Washington Attorney General sues tech sales bootcamp, says jobs guarantee false


June 17, 2022

The Washington state Attorney General sued a South Carolina-based “tech sales bootcamp” this month, claiming it duped people into paying $30,000 for an online course. The company, Prehired, had marketing materials that claimed, “We guarantee you land a $60k+ job offer (from a tech company YOU choose).”

Prehired’s job guarantee is false and illegal, the Attorney General’s office alleges. In addition, when students didn’t pay on debt from the program, the company used aggressive collection techniques such as lawsuits and forced arbitration to get the money.

The suit was filed in King County Superior Court against Prehired and owner Joshua Jordan. It claims the company violated Washington’s Consumer Protection Act by engaging in deceptive advertising, as well as deceptive collection practices. It also claimed the company operated in Washington without a license, making its contracts in Washington state invalid.

“Washingtonians forked over tens of thousands of dollars in hard-earned money based on Joshua Jordan’s lies,” Ferguson said. “I intend to make sure Jordan and his company do not prey on anyone else. I will fight to see his victims paid back and help get them out from under these illegal contracts.”

At least 39 Washington residents entered into contracts with Prehired and they could collectively owe more than $1 million, the Attorney General’s office said.

SIA reached out to Prehired for comment.

Prehired has been operating online since May 2017 and advertises that it prepared individuals for a career in software sales, according to the Attorney General’s office. Its online program lasts six to 12 weeks and it provides access to internal mentors to help people find employment.

However, the Attorney General’s office said the program consists of 15 hours of videos Jordan made himself to teach people how to being a “six-figure career.” Jordan claimed his program prepared students — including those with a high school diploma or GED and no sales experience — for jobs with a starting salary of at least $69,000. The Attorney General’s office says the salary is reflective of industry standards for software sales but not reflective of Prehired’s ability to get a larger salary for anyone in the program.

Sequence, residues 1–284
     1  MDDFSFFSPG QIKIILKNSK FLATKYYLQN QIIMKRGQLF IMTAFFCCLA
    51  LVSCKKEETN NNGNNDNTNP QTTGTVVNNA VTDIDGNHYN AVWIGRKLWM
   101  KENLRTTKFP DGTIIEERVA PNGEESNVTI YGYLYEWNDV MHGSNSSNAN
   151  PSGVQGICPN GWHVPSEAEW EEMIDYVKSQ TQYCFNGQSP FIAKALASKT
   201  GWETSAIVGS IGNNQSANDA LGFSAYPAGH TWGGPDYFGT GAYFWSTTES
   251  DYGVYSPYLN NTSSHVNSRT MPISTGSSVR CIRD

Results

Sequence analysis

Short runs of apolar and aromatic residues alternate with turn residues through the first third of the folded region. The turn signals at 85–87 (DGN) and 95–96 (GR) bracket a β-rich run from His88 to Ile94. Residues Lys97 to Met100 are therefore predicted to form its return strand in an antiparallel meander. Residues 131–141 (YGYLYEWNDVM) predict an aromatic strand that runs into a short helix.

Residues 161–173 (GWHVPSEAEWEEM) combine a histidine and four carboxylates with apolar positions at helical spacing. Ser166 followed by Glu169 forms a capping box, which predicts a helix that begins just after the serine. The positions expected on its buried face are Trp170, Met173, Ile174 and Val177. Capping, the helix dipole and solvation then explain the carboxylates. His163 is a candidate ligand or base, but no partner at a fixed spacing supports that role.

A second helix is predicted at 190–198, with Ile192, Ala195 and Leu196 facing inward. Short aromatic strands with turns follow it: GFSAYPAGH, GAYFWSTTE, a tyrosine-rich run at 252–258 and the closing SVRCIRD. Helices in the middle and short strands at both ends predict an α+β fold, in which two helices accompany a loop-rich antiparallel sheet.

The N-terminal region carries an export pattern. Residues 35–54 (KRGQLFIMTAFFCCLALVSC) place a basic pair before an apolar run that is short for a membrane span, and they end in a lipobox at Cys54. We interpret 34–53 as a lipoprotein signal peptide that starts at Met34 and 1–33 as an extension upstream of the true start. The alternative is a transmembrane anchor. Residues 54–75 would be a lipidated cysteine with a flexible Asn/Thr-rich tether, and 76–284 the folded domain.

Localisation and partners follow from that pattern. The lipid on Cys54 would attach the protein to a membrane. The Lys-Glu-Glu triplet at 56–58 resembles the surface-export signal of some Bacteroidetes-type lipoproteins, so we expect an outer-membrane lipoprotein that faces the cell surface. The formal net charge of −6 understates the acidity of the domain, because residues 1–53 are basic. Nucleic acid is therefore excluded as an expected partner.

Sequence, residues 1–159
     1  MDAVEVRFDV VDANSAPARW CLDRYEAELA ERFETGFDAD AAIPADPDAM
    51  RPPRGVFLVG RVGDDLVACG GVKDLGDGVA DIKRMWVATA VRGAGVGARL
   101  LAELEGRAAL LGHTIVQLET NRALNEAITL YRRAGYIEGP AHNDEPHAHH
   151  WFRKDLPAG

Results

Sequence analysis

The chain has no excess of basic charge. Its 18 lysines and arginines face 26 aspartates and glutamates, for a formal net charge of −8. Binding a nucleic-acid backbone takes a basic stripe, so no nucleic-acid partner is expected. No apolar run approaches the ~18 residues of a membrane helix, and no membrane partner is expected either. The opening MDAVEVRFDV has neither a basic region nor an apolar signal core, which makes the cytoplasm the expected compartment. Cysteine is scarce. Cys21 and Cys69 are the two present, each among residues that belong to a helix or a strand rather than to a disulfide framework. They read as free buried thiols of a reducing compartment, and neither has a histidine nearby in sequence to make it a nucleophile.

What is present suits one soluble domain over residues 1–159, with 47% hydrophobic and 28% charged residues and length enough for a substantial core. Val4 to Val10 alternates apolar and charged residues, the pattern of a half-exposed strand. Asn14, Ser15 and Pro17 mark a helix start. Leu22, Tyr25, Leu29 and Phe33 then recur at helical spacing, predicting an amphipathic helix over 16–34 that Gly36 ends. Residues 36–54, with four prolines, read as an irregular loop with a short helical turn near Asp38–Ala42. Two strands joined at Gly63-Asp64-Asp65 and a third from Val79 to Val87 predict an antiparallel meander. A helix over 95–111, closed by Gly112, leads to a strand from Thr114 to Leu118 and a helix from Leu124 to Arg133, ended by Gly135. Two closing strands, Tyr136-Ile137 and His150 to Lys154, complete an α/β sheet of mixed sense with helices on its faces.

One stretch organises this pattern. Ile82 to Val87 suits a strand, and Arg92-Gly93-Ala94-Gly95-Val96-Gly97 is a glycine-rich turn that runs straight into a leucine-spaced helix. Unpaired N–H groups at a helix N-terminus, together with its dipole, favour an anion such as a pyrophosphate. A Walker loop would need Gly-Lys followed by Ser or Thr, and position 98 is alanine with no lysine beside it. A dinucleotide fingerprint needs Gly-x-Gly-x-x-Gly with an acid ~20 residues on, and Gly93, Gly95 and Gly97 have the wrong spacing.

Prehired claimed 90% of its students find employment, but it does not disclose that students must apply to 20 or more jobs per week until they find employment or risk violating the job guarantee, according to the Attorney General’s office. The 90% also does not include students who left the program early or who were removed from the program by the company. Prehired students also had to follow a “code of conduct” that included not disparaging the company and returning communications within two business days — failure to follow these meant Prehired could remove a student from the program and still charge them full price.

Prospective students could pay between $5,000 and $15,000 upfront for the training and membership or sign an “income sharing agreement” to pay up to $30,000 over eight years once they have a job, according to the Attorney General’s office. Prehired’s contracts required student who leave the course after a week of training to still pay up to $30,000 regardless of where they find employment. The Attorney General’s office also said the company’s restrictive cancellation policy violates Washington law.

The income-sharing agreement called for student to pay at a rate of 12.5% of their gross income, the Attorney General’s office asserted the agreements amount to student loans but with rates that exceed any legitimate student loans.



Read More: Washington Attorney General sues tech sales bootcamp, says jobs guarantee false

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